Cost-saving moves in the Pac-10 is not an easy task
Oregon AD Pat Kilkenny has been put in charge of a committee to study cost-containment for the conference
Seattle Times colleges reporter
Say this for the fathers of the Pac-10: When they put together a committee to study cost-containment, they didn't lose their sense of humor when they picked the chairman.
He is Pat Kilkenny, athletic director at Oregon. So the face of scrimping and saving comes from the school that brought us billboards in Times Square, Internet connections in football players' cubicles and a training room that would shame anything west of the Mayo Clinic.
Indeed, Kilkenny acknowledged once that he's worth more than $100 million. So maybe there's a method to his chairmanship. Clearly, the man knows how to turn a buck.
That, and saving one, were the prevailing undercurrents at last week's Pac-10 meetings in Phoenix, where administrators fretted and commiserated over the thunderhead cloud of the times: How to survive in an economic climate squeezing college athletic departments like no other in perhaps decades.
"It's kind of the approach where we're looking at everything, big and small," says Jim Muldoon, the longtime Pac-10 associate commissioner.
At the league level, the campaign essentially will be two-pronged: There are measures the Pac-10 can take unilaterally that won't hurt its standing nationally. Meanwhile, it will also formulate possible legislation to be introduced at the next NCAA convention in January for a bigger audience.
Both those fronts will be explored at the Pac-10 summer meetings June 4-7 in San Francisco.
Several athletic departments, including Washington and Washington State, need to find ways within a month to reconcile projected deficits of $1.5 to $2 million for 2009-10.
Already, the Huskies have endured the most public, and painful, kind of cut, lopping its men's and women's swim programs. But that only reduced the deficit from $2.8 million to $1.6 million.
Scott Woodward, the UW athletic director, realizes the analogy is strained, but he recalls the Meryl Streep film "Sophie's Choice," in which a World War II concentration-camp prisoner had to choose which one of her children to sacrifice to Nazi captors.
"It's all very troubling and all very emotional and all very difficult to go through," said Woodward, just back from the Pac-10 meetings. "In order not to eviscerate the whole enterprise, we had to make a tough decision to eliminate a program."
Woodward doesn't see any more sports getting the guillotine, but makes no promises going forward if the slump worsens.
"John Maynard Keynes [the late economist] said it best," Woodward said. "When the facts change, my mind changes."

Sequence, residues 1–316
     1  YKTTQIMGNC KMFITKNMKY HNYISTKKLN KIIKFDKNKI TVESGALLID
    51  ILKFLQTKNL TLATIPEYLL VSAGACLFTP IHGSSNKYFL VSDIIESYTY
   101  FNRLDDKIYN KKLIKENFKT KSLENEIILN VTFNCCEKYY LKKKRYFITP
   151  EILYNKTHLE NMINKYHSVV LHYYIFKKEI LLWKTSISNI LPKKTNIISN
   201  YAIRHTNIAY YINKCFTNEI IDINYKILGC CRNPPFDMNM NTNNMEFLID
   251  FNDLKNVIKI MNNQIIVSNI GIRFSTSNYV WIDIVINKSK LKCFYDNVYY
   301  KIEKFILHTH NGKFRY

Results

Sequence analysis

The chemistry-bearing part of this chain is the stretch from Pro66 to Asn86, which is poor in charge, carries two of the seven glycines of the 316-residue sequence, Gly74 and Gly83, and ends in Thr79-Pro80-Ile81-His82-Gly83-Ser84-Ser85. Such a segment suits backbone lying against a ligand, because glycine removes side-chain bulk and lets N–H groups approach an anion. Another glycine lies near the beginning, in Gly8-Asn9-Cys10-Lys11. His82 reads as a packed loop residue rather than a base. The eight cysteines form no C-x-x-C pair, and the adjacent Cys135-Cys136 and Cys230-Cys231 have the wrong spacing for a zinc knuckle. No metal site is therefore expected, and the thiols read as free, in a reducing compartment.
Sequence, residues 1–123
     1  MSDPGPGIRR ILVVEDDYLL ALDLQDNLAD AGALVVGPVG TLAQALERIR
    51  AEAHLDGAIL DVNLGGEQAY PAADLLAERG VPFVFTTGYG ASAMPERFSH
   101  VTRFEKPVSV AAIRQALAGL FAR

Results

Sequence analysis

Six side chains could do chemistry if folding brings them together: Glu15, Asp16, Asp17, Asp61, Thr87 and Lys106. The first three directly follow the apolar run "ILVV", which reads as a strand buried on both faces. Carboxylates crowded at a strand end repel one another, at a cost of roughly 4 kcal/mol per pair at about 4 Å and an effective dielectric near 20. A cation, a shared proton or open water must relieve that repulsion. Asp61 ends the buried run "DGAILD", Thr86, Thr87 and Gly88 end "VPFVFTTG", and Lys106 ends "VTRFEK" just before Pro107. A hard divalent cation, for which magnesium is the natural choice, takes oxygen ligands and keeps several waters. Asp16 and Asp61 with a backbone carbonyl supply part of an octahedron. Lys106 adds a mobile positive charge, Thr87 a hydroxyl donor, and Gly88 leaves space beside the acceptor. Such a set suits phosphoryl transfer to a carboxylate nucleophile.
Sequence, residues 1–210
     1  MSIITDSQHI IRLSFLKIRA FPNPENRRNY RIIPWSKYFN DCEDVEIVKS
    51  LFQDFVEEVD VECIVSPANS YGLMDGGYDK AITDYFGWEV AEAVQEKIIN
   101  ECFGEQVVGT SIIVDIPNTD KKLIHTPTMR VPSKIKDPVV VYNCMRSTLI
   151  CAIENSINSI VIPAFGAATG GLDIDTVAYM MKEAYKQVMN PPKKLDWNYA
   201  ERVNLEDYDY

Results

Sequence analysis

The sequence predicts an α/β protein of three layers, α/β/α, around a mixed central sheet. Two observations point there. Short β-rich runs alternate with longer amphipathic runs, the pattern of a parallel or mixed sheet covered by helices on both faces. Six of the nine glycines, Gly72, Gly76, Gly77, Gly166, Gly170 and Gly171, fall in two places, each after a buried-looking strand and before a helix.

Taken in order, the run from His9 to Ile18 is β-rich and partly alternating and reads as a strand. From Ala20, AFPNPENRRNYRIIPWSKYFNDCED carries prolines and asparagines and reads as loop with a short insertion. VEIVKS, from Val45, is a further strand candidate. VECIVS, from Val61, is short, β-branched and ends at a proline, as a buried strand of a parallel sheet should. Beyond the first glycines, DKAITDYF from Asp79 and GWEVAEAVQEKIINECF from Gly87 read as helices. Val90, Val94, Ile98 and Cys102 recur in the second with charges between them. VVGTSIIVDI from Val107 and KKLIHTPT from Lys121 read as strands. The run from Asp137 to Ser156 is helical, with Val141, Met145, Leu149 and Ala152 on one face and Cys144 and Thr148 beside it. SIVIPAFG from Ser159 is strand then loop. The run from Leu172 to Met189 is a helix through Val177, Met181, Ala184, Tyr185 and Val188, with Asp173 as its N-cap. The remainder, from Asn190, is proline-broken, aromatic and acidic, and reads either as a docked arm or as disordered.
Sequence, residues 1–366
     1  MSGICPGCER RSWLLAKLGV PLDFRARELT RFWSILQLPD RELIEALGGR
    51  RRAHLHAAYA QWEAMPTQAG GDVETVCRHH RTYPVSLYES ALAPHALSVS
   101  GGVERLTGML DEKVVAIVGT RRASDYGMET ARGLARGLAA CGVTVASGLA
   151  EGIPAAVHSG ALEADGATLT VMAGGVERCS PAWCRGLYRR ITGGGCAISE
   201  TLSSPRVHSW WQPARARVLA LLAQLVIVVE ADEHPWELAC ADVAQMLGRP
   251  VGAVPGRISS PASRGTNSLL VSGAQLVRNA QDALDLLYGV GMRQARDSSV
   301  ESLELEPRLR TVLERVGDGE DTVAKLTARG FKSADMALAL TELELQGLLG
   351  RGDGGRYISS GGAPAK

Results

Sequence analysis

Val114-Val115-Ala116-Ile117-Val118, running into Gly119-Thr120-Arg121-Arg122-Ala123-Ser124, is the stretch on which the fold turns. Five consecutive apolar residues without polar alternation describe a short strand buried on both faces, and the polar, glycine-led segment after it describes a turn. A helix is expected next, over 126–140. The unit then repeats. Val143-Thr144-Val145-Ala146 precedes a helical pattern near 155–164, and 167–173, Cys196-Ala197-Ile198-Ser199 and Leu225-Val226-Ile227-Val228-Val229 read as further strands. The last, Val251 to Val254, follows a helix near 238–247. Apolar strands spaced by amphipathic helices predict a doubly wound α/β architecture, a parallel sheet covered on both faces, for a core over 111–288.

At Washington State, Jim Sterk is looking at the same dilemma, but given that the WSU budget is about half the Huskies' (the UW's is $65 million) and the deficit is about the same, the problem is even more magnified. WSU will do without $350,000 it has been getting from the general school budget, and must find a way to square up a million or so increase in athletic scholarships caused by a 14 percent tuition hike.
Sterk doesn't envision lopping sports; the Cougars, with a leaner offering of 10 women's and seven men's sports, have fewer options there.
One godsend is the Notre Dame football game Oct. 31 in San Antonio, which will pay WSU $900,000, plus perhaps half a million more in national-TV revenue.
In the longer term, all sorts of measures are being considered by the Pac-10. Football travel-squad limits, now at 64, probably will be trimmed, and it's hard to argue with that. So, too, school travel-party limits to bowl games. Since many of those are rewarding teams that lost five or six games, why not?
Media guides may go the way of one-platoon football. They'd be online only, and if a newspaper wanted one, it could download and print.
Nationally, the Pac-10 might propose things like a ban on teams' foreign travel, and on the practice of teams staying in hotels at home the night before games. That was fine in prosperous times, but is the Washington-Oregon rivalry going to suffer because they didn't sequester themselves on game's eve?
Tough issues, tough answers. At Oregon, Kilkenny at least has Phil Knight. Washington and WSU are having to be more imaginative.
Bud Withers: 206-464-8281 or firstname.lastname@example.org
Copyright © 2009 The Seattle Times Company
About Bud Withers
Bud Withers gives his take on college sports, with the latest from the Huskies, Cougs, and the rest of the Pac-10.
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